Fariba Sedighim took up writing yet more seriously when she took courses in Child Psychology at the Simin Institute of Tehran. As she grew more familiar with children’s literature, she started to write stories for children. She got to know Kanoon Parvaresh Fekri… — i.e. “The Children and Youth Intellectual Nurturing Center” — as well as the Council of Children’s Books, where in the presence of such masters as Ms. Mirhadi, she learned more and was further encouraged. She collaborated with such children’s publications as the well-known Kayhan Bacheha, i.e. “Kayhan for Children”.The result were 15 books for children and youngsters, published by well-regarded publishers, and many awards.
In 1992 C.E., 1371 P.C., Fariba Sedighim published her first book in Persian, entitled in translation Two Brothers, Two Friends.
Around that time, Fariba began to write stories for adults, in addition to her flourishing poetry and children’s stories. Having experienced writing for the grown-ups, she spoke of the difference between those two distinct worlds in the Preface to a book of hers:
“I don’t know why, but the words dance and laugh when I’m writing for children, whereas they feel sad when I’m writing for adults. Don’t take my word for it. It’s evident in my work. It might be that I like less my adulthood.”
To learn more, Fariba participated at the literary chambers, including the lessons of Master Nasser Irani. During the class, students learned from the master and presented their works to be discussed by the group. At the completion of the course, Fariba Sedighim’s The Endless Night was chosen as the best story, and she was awarded for her achievement.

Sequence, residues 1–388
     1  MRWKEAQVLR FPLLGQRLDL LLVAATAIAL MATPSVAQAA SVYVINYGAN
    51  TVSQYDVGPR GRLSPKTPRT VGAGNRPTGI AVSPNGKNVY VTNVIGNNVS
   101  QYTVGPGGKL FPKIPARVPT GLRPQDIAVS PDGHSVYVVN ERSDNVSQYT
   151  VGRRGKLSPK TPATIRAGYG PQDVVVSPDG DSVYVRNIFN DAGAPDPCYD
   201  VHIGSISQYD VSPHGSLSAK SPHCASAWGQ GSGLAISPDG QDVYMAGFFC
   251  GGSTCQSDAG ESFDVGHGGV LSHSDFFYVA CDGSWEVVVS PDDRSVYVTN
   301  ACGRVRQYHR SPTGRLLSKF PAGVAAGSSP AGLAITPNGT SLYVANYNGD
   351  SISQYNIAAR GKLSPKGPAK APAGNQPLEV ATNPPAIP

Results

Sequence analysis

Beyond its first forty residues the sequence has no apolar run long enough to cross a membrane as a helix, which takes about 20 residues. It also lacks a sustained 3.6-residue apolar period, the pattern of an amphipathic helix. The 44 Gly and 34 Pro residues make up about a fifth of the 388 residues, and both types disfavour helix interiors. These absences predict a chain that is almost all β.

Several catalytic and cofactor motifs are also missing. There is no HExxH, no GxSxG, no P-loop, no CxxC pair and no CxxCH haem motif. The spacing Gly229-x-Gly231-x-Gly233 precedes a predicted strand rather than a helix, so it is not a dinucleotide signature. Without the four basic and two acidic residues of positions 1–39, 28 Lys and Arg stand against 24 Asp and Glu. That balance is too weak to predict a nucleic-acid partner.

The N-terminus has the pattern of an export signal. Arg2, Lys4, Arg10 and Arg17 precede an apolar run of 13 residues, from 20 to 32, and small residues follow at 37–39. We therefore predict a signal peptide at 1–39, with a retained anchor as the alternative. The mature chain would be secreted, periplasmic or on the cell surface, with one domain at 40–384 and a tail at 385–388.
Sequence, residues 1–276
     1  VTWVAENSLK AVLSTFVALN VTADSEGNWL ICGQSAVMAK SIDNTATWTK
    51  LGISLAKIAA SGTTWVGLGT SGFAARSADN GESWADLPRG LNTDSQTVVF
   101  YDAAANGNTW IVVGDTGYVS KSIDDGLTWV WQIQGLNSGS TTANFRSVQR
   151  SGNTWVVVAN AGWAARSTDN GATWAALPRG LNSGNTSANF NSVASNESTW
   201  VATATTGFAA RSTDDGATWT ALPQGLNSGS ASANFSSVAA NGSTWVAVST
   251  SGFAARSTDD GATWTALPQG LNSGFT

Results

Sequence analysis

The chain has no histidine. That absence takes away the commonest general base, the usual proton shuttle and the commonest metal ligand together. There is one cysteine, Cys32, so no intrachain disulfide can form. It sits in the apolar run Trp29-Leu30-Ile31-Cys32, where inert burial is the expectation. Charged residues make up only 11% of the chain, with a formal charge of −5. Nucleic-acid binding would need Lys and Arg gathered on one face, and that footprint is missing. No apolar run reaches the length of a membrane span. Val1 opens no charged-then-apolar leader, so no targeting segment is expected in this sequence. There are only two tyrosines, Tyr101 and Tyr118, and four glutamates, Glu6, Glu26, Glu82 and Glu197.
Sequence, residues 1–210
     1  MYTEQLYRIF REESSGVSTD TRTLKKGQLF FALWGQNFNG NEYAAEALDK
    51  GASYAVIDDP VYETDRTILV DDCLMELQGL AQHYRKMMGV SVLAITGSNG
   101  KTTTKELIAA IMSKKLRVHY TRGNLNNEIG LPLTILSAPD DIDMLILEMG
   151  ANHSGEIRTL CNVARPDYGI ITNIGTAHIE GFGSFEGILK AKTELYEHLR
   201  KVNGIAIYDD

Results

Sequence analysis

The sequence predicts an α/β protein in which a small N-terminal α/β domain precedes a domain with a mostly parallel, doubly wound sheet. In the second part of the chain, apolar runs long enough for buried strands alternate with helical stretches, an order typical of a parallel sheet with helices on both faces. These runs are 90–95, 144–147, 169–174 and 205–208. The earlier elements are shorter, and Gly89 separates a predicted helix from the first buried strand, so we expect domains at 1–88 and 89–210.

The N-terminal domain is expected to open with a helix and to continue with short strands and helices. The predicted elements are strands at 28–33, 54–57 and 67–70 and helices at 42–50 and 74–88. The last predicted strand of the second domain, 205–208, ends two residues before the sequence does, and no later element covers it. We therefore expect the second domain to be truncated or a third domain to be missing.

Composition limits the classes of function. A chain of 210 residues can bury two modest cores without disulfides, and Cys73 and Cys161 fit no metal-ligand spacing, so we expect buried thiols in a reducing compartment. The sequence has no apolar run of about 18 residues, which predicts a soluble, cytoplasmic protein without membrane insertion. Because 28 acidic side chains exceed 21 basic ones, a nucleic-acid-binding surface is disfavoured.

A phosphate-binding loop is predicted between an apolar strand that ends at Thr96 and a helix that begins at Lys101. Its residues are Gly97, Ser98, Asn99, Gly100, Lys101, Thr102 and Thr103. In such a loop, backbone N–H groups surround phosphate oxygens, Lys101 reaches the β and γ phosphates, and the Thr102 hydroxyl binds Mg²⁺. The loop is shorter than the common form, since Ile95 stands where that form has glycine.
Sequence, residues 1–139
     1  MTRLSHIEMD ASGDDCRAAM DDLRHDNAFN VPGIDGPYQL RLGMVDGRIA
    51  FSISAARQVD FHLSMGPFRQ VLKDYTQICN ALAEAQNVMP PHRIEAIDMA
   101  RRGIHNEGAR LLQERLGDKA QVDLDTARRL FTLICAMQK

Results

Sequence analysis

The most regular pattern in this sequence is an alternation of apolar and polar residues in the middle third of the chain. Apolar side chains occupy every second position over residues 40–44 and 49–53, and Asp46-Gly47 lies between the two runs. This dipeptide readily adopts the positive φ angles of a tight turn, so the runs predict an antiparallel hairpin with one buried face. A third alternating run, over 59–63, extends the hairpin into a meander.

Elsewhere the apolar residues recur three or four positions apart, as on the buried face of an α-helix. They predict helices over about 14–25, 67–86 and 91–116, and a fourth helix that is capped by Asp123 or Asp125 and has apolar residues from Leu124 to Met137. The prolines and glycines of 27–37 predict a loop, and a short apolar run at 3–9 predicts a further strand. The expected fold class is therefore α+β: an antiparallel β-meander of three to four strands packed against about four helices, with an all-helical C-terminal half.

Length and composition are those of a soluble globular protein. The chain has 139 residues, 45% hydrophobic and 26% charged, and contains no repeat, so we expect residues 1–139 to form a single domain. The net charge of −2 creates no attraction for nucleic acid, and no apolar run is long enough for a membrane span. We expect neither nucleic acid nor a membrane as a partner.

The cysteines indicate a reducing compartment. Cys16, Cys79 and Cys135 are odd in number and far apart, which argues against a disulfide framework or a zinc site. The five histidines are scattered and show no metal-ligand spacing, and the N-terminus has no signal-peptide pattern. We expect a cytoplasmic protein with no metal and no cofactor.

Before long, Fariba was sending her poems and short stories to literary magazines and other publications, thus opening a new chapter in her cultural activities. At the systematic lessons of Dr. Reza Baraheni, she deepened her understanding of poetry, storytelling, form and structure. She learned more, she wrote more seriously, and she let what she learned to show up in her work and to define her path.
Later, she participated in and learned from the storytelling workshops of the author Houshang Golshiri. She also began to write critical reviews. To her, criticism was the twin sibling of writing, and it excited her as much. She wrote several critical reviews of novels, stories and poems, which were published in related periodicals. Moreover, she taught some courses in storytelling, thus passing on what she had acquired to the others.
In the early 2000’s C.E., 1380’s P.C., besides books for children and youngsters, Fariba Sedighim published a collection of poetry in Persian entitled Postpone Me No More, as well as a diverse collection of stories which employed various techniques entitled The Endless Night. Fariba’s poetry, particularly those of Postpone Me No More, emphasized the significance of technique, and especially the language, to poetry, and they were seen as postmodern works which represented a new wave for their time. Her first story, The Endless Night, which also provided the title of the collection, is about a Jewish woman who returns after years, alongside her mother and brother, to their small hometown. As they pay a visit to the local Jewish cemetery, they find out that the remains of their deceased relatives had been bulldozed.